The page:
In 1909, paleontologist Charles Doolittle Walcott discovered a trove of fossils in the Canadian Rockies. Among them was a particularly puzzling piece—a many-tentacled sea creature, dating back around 508 million years, that didn't seem to have a clear front or back, or top or bottom.


The Smithsonian National Museum of Natural History offers this description:

"When discovered, it was thought that the animal walked on spiny stilts with tentacles along its back that served as feeding aids. It was impossible to determine which end was the head and which the tail."

Decades later, in 1977, paleontologist Simon Conway Morris described the creature and called it Hallucigenia for its "bizarre and dream-like appearance," (and also, presumably, because it was the seventies).


Since then, scientists have struggled to make sense of how the animal functioned, and what it looked like. National Geographic explains:

"Seven pairs of long spines stuck out in one direction, while seven pairs of tentacles stuck out in the other, with what looked like little mouths on their tips. There was nothing distinct at one end, and a non-descript blob ballooning from the other…Conway-Morris guessed that the creature used its spines like stilts for walking along the ocean floor, while the tentacles plucked food out of the overlying water. Then, in 1991, a set of related Chinese fossils showed that Conway-Morris’ reconstruction was upside-down. The 'tentacles' were legs. The 'mouths' on their tips were claws. And the 'stilts' were spines that stuck out of the creature’s back, probably for defence."

So it took from 1901 to 1991 to figure out how the animal might have walked—but scientists still weren't clear on which end contained the animal's head. University of Cambridge's Dr. Martin Smith points out that for a long time, scientists assumed that an amorphous, fossilized blob could have been its head:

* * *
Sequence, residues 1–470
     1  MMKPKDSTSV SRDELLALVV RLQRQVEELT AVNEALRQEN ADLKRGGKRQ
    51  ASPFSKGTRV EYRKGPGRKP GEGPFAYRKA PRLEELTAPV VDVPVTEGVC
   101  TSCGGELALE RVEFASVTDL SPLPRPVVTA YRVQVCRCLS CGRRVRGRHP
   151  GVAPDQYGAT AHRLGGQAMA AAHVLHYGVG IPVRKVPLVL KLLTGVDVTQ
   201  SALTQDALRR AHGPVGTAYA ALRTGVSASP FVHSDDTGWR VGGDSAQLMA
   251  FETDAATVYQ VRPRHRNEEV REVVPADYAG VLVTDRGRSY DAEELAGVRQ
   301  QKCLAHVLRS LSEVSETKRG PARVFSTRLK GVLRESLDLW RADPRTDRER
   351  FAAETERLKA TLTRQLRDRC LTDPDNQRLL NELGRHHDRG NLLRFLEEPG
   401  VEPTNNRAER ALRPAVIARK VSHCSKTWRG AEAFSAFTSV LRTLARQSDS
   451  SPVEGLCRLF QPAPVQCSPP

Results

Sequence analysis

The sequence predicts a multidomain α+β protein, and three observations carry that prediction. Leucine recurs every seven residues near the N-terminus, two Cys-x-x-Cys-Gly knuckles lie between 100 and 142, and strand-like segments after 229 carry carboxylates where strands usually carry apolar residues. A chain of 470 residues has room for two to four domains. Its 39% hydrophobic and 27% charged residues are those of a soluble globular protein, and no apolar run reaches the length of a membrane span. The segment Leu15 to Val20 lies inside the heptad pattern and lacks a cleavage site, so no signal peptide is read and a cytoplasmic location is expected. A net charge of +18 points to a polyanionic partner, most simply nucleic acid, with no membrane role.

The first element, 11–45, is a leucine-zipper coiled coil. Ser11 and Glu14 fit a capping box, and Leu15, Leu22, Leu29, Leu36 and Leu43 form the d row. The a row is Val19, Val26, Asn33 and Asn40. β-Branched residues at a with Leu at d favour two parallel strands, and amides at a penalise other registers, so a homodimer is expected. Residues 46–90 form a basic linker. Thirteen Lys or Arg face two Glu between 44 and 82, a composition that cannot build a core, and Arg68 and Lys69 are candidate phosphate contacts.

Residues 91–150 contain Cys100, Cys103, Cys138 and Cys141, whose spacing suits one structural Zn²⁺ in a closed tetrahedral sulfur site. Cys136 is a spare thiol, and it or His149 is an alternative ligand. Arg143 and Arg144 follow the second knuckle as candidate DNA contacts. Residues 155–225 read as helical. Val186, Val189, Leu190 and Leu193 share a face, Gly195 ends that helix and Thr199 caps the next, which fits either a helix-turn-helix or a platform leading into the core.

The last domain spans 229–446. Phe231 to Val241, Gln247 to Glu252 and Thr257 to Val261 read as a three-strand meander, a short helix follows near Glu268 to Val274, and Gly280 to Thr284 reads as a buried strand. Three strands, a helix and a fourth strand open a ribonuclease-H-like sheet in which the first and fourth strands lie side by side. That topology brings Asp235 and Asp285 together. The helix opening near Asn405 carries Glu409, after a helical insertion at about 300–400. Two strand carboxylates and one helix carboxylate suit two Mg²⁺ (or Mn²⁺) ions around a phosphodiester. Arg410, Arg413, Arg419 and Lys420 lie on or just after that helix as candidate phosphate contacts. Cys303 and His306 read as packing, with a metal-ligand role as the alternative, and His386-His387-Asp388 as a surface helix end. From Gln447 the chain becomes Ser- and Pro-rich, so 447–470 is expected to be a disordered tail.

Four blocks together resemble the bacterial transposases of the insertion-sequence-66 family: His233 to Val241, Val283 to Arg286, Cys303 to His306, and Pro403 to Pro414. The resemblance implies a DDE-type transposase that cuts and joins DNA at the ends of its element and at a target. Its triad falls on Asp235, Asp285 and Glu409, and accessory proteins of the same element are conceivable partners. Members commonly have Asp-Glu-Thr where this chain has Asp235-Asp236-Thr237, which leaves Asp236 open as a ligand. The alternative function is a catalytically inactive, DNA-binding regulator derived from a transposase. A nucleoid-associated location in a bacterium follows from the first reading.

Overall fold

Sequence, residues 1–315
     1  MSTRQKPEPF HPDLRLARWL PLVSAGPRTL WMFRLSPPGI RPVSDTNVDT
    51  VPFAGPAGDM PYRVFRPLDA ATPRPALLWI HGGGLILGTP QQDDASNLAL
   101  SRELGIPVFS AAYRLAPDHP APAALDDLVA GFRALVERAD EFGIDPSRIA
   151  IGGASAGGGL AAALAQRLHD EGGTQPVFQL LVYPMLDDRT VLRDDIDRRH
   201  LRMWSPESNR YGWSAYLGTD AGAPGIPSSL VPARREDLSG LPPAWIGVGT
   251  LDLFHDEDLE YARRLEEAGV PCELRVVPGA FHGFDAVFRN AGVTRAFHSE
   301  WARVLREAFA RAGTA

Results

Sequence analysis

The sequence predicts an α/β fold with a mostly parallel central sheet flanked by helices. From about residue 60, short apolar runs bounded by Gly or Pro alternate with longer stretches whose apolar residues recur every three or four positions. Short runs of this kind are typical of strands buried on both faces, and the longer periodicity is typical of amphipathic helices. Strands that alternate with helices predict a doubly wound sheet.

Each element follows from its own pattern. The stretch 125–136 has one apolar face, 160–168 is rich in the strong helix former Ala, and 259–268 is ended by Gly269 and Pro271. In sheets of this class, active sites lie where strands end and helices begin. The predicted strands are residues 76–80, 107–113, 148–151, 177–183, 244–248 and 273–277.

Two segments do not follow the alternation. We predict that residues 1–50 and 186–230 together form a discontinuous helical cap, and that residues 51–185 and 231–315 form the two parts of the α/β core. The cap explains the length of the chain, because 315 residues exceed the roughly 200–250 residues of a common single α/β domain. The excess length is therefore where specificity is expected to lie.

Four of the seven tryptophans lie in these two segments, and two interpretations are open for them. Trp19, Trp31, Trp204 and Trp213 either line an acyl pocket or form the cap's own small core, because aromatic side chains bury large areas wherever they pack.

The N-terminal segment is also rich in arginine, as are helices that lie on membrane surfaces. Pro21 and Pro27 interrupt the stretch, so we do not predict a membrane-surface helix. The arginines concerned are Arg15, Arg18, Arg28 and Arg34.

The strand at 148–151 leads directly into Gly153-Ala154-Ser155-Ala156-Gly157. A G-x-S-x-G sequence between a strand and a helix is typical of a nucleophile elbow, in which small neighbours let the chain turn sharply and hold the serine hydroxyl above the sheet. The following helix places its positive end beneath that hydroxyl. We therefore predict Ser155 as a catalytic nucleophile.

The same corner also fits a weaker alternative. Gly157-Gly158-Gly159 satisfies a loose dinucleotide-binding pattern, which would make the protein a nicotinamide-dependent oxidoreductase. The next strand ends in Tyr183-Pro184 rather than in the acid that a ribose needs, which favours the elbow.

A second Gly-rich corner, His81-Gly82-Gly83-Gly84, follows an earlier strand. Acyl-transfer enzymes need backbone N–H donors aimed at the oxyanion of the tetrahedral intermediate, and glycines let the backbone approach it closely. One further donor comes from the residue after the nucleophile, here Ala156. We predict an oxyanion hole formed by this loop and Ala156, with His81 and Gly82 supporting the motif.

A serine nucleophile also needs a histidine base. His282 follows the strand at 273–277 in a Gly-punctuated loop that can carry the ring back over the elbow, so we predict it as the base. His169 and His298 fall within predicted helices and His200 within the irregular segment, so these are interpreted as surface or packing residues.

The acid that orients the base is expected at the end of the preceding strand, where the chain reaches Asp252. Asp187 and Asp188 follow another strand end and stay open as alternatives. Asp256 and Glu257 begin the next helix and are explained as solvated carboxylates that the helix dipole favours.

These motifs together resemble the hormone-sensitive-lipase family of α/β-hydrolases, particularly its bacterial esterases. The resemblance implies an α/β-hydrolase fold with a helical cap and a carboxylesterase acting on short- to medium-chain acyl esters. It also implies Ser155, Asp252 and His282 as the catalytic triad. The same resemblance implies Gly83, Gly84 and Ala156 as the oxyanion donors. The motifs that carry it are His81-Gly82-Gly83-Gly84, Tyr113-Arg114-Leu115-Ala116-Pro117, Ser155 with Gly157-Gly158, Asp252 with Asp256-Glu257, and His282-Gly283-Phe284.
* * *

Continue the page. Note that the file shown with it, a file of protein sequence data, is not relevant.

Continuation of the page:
But he and fellow researcher Toronto's  Jean-Bernard Caron don't think that blob represents the animal's head. Instead, they explain in a paper published in Nature this week, they think it shows its excreted guts. Or, in Smith's words, "rather than representing part of its body, it actually represents decay fluid—the contents of its guts—squeezed out as the animal was buried and fossilised."

Smith described his findings in a video:


That means the creature's head is on the other side. New fossils show a slim, grinning head with many teeth. Per the BBC:

"Inside the creature's mouth, the researchers found a ring of teeth and then another set of teeth running from its throat down towards its stomach… The scientists believed Hallucigenia used its odd mouth arrangement to suck up food, and then move it down to its gut."

Which then, we guess, was removed from its insides and placed beside it to fossilize for hundreds of millions of years. When Hallucigenia was alive, it probably looked something like this:


Pretty cute, until you remember it has teeth lining the inside of its tiny, worm-like body.

Danielle Wiener-Bronner is a news reporter.